Resistance is a very normal part of change management, but it can threaten the success of a project. Most resistance occurs due to a fear of the unknown.
It also occurs because there is a fair amount of risk associated with change – the risk of impacting dependencies, return on investment risks, and risks associated with allocating budget to something new. Anticipating and preparing for resistance by arming leadership with tools to manage it will aid in a smooth change lifecycle.
5. Employee Feedback
Managing change is not a one way change; employee involvement is a important and main part of managing change. Feedback from employees as a change is being implemented is a key element of the change management process. Change managers can analyze feedback and implement corrective action based on this feedback to ensure full adoption of the changes.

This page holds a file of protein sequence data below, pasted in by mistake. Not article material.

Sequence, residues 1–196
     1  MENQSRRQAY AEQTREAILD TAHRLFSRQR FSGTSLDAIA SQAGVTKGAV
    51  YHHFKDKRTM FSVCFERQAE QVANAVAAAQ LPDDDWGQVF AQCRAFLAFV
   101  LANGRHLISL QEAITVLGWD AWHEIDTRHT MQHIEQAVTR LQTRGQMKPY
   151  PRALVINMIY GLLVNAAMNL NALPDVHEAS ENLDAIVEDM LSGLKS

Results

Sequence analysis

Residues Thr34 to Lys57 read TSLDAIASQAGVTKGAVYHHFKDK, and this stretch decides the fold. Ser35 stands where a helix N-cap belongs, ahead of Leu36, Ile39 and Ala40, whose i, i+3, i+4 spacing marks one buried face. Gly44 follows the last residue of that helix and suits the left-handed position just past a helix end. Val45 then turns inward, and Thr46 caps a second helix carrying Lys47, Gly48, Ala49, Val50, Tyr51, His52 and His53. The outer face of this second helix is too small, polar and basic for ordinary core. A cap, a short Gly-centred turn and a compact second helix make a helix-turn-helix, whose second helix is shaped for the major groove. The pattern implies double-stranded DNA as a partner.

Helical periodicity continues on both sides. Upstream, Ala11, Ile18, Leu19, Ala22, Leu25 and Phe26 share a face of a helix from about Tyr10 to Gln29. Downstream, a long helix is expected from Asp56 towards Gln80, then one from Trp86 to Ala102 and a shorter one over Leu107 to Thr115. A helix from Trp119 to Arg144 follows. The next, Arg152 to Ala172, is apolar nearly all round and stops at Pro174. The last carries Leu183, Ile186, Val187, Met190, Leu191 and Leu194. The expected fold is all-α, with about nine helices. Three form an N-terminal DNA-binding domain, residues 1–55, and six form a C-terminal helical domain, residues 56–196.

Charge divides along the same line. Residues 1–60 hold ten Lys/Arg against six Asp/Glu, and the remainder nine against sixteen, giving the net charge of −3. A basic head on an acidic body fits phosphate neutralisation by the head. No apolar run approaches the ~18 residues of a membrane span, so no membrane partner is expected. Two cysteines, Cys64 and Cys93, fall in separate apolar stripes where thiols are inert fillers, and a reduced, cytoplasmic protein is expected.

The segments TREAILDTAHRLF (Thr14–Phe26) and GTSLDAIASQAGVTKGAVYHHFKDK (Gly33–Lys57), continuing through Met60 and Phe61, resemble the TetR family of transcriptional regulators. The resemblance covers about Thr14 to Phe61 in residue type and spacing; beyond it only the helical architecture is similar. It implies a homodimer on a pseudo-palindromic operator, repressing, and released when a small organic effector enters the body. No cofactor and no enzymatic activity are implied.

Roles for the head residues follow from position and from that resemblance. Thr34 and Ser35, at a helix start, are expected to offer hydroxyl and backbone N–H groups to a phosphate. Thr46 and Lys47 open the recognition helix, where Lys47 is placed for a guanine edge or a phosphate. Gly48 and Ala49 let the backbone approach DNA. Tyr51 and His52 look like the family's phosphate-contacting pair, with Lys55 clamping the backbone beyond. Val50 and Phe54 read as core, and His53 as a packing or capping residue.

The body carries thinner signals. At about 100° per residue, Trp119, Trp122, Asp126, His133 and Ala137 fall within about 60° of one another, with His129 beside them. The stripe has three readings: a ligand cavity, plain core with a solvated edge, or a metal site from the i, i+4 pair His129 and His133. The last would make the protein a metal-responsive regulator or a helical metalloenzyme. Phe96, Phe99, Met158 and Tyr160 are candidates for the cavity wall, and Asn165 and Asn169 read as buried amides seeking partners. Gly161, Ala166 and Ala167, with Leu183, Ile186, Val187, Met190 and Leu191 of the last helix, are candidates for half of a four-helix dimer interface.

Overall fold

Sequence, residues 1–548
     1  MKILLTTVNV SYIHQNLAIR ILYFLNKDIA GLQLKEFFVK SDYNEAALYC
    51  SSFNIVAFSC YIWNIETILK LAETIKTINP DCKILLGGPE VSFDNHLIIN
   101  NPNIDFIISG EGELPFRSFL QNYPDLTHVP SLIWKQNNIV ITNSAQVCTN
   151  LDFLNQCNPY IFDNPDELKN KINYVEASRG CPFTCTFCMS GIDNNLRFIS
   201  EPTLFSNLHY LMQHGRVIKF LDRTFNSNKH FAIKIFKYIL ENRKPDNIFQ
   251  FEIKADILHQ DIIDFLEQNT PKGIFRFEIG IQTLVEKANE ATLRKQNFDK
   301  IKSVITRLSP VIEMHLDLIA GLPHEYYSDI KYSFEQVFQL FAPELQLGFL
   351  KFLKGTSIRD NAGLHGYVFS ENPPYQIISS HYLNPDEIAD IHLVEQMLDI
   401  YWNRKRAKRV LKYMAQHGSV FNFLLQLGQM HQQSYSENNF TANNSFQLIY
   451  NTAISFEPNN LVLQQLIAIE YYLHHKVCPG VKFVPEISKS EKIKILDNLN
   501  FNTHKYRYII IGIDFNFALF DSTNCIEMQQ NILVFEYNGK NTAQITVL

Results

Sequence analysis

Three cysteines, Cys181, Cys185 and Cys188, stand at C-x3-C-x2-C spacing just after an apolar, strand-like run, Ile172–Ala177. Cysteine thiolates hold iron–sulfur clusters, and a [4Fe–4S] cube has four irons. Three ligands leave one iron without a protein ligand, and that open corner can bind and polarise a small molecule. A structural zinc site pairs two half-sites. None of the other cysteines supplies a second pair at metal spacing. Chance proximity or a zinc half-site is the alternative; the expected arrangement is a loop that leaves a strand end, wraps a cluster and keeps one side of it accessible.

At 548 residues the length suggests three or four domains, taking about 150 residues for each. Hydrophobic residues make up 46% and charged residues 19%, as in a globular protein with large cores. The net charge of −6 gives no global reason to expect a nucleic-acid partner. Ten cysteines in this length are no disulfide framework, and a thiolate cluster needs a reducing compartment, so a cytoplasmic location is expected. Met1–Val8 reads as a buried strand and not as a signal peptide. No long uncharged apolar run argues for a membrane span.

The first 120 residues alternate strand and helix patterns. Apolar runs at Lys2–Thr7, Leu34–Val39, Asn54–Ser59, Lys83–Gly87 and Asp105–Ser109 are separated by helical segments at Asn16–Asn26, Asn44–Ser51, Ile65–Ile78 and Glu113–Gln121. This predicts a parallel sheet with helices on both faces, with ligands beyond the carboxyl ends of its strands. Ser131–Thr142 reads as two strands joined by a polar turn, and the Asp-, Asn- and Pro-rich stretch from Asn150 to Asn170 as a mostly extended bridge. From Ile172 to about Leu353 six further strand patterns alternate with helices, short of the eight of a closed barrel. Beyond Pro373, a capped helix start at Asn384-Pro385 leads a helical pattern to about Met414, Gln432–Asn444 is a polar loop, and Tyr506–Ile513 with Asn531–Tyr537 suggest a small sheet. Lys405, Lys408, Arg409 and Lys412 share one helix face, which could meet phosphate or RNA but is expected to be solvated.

6. Continual Improvement
The final step in the change management process is the after-action review and the continual improvement. It is at this point that you can stand back and evaluate successes and failures of the whole process, and identify process changes for the next project. This is part of the ongoing, continuous improvement of change management for your organization and ultimately leads to change competency.
Supporting Tools and Components for Implementing Change Management Processes
There are various tools you can use to implement the change management in a more efficient way. Some of these tools are
Product or Business Roadmaps
Gap Assessment and CM Audits
Change Management Training Program
Stakeholder Feedback Forms
Post Change Review
Measurements and Analytics
Continuous Improvement Plan
Change Request Form
Change Control Log
There are various Change Management softwares that you can use to simplify your Change management process. Here’s some of the popular ones